Construction of any structure requires stabilization from the ground up, starting with the footing. Outdoor pergolas encounter winds, rains and storms that can sway or topple them if they are not structurally sound. Using large posts in larger postholes provides area for concrete in the footing to hold the posts in place. Additional lengths of vertical posts in the ground also add sturdiness to a pergola.
Determine the placement of the pergola. Stretch a string line to mark the exterior outline on the ground.
Dig holes with posthole diggers to one-third the depth of the vertical support posts. For example, for a 9-foot-tall pergola, use 12-foot posts with 3 feet underground for ample support. Dig a hole for each corner post to the correct depth and 12 inches in diameter.
Pour 3 inches of gravel into the bottom of each posthole. Tamp it down with a shovel or hoe handle.
Place a 4-inch-by-4-inch post in the center of a post hole. Level the pole horizontally and vertically, checking it with your level. Lean a 2-inch-by-4-inch board up against the post at a 45-degree angle with the other end on the ground. Nail the board to the post to support the post in its level position.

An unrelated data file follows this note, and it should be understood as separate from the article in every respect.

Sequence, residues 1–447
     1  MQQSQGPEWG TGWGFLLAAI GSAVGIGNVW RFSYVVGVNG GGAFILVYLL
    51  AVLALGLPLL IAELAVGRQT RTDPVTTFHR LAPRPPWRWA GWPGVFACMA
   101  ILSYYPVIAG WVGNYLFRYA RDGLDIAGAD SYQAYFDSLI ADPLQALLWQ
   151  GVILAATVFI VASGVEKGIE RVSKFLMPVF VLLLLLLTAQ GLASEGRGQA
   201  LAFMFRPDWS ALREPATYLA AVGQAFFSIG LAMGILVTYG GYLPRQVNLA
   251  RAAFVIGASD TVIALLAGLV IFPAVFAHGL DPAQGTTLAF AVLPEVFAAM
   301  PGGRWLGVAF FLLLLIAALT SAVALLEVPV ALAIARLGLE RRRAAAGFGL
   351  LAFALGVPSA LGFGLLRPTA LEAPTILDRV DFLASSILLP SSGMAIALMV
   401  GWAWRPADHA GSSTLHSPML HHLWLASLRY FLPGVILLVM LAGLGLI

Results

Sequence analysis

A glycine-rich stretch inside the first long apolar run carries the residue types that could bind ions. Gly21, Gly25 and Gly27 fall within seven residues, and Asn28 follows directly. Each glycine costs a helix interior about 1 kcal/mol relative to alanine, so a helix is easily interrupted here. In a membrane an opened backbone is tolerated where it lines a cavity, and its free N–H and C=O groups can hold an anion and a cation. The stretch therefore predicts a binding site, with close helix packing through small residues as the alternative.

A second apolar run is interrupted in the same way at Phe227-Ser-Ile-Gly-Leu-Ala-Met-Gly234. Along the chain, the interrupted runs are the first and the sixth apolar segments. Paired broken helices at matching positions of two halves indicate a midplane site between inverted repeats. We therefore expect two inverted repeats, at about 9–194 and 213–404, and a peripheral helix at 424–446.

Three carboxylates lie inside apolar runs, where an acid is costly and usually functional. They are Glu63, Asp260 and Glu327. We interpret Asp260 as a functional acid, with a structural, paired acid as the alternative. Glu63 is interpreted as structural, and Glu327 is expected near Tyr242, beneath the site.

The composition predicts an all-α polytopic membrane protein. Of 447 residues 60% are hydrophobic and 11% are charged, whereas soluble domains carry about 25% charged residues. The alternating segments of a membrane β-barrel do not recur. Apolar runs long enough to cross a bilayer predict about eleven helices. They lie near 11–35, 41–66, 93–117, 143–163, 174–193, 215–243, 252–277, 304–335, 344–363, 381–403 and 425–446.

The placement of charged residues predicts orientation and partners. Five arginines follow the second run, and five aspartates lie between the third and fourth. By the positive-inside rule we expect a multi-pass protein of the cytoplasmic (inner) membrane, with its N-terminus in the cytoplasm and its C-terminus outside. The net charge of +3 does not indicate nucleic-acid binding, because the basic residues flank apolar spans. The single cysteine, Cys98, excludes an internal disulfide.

Combine ready-mix concrete and water according to the package directions. Place the dry powder in a wheelbarrow, add water and mix with a shovel until the concrete is consistent.
Shovel the concrete into the posthole around the post until it is at ground level.
Repeat this process for each vertical pergola post.
Let the posts set for 24 hours. Remove the two-by-four braces and continue the building process.